The Mass of a Bottle calculator computes the mass based on the dimensions of the bottle and the mean density of the material.
INSTRUCTIONS: Choose the length units you wish (e.g. centimeters or inches) and enter the following:
Mass of the Bottle (M): The calculator returns the mass in grams. However, this can be automatically converted to compatible units via the pull-down menu.
The formula for the mass of a bottle shaped object is thetimes the density of the material. Assuming normal gravity, this also provides the weight. Geometrically, a bottle shaped object is the combination of right circular cone with a frustum defined by base radius (a) and top radius (b) and height (h2) in between and a cylinder of radius (b) and height (h1). The volume is calculated and then multiplied by a mean density (mD) to provide the mass of the shape. See diagram. KEY WORDS: container
|Common Mean Densities|
Mean Density is the average amount of mass within a volume for a substance. Note, volume of a material is often highly subject to the temperatures, since materials expand as they warm. For that reason, mean densities of substances are often cited with a set of nominal conditions such as temperature and barometric pressure.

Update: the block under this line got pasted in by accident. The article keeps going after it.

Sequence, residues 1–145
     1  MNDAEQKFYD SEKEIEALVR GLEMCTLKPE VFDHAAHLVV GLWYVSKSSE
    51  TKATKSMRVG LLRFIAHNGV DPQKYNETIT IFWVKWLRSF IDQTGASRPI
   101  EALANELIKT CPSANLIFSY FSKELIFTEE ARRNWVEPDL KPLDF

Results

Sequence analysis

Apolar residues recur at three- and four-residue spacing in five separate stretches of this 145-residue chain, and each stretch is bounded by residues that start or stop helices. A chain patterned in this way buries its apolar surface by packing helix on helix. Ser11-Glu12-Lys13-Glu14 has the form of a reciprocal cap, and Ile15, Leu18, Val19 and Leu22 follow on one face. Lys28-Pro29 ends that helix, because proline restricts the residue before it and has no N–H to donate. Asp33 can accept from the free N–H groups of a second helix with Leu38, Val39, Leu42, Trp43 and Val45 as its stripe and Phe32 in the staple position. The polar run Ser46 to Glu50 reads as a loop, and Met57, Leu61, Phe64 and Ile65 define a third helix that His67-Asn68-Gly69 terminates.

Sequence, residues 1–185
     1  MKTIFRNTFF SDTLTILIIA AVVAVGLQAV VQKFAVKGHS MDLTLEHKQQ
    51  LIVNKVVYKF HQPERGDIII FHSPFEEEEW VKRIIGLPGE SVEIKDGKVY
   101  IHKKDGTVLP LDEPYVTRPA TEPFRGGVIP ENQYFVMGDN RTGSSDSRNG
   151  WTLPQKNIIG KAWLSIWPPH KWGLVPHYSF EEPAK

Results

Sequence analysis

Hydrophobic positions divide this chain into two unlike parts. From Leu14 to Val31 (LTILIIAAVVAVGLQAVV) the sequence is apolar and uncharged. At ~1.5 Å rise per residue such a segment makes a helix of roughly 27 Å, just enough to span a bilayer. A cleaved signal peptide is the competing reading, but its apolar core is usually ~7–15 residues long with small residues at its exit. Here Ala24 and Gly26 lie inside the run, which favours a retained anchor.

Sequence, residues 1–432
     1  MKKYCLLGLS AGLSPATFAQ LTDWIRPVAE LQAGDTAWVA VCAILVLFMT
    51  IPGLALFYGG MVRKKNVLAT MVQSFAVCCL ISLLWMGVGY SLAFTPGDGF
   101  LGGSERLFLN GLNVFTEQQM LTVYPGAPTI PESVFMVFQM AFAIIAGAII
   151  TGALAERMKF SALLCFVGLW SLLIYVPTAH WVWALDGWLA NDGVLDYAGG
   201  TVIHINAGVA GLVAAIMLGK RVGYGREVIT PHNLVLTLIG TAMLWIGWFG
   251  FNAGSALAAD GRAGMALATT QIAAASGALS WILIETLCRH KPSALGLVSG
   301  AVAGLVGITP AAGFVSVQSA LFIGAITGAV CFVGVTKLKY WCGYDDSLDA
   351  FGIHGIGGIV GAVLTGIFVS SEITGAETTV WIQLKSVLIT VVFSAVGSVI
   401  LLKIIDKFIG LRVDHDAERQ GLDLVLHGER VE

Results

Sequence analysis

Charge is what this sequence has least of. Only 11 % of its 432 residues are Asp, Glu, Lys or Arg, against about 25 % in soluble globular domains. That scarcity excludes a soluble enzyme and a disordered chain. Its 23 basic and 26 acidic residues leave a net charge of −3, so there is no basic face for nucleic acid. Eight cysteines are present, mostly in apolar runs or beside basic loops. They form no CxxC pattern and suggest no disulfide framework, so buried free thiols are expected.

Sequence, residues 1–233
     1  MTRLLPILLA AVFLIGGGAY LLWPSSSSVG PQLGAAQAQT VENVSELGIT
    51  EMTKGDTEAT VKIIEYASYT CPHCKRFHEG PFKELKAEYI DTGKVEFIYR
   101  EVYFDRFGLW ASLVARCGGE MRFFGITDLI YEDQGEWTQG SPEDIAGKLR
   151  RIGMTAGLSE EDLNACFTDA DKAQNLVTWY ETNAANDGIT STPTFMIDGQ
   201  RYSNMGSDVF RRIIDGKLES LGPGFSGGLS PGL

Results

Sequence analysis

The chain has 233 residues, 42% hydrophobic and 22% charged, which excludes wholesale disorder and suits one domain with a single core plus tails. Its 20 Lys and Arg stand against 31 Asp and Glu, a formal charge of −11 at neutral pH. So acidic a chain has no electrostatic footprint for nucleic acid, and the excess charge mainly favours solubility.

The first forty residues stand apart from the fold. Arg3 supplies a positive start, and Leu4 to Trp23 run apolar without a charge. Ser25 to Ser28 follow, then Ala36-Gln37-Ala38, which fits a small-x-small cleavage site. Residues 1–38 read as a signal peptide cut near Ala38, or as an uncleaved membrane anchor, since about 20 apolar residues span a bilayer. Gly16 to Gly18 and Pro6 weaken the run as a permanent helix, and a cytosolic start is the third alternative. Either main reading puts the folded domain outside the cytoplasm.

The formula for mean density is:
μD = V / m
Mean density is also often indicated as the Greek symbol rho (ρ).
Density is a function of mass. However, converting from mass to weight is trivial under the right conditions. Fortunately those conditions are generally true anywhere on the surface of the Earth, so the conversions built into the vCalc engine can be assumed to be fairly accurate unless you require weight at very high altitudes or in space.
CLICK HERE for a pop-up function that provides the mean density (mD or μD) of many common substances, elements, liquids and materials.
Mean density is scientifically volume divided by mass. There are various unit for density adopted by cultures and industries. Common units for density included the following:
vCalc provides for automatic conversions between density units via the pull-down menus.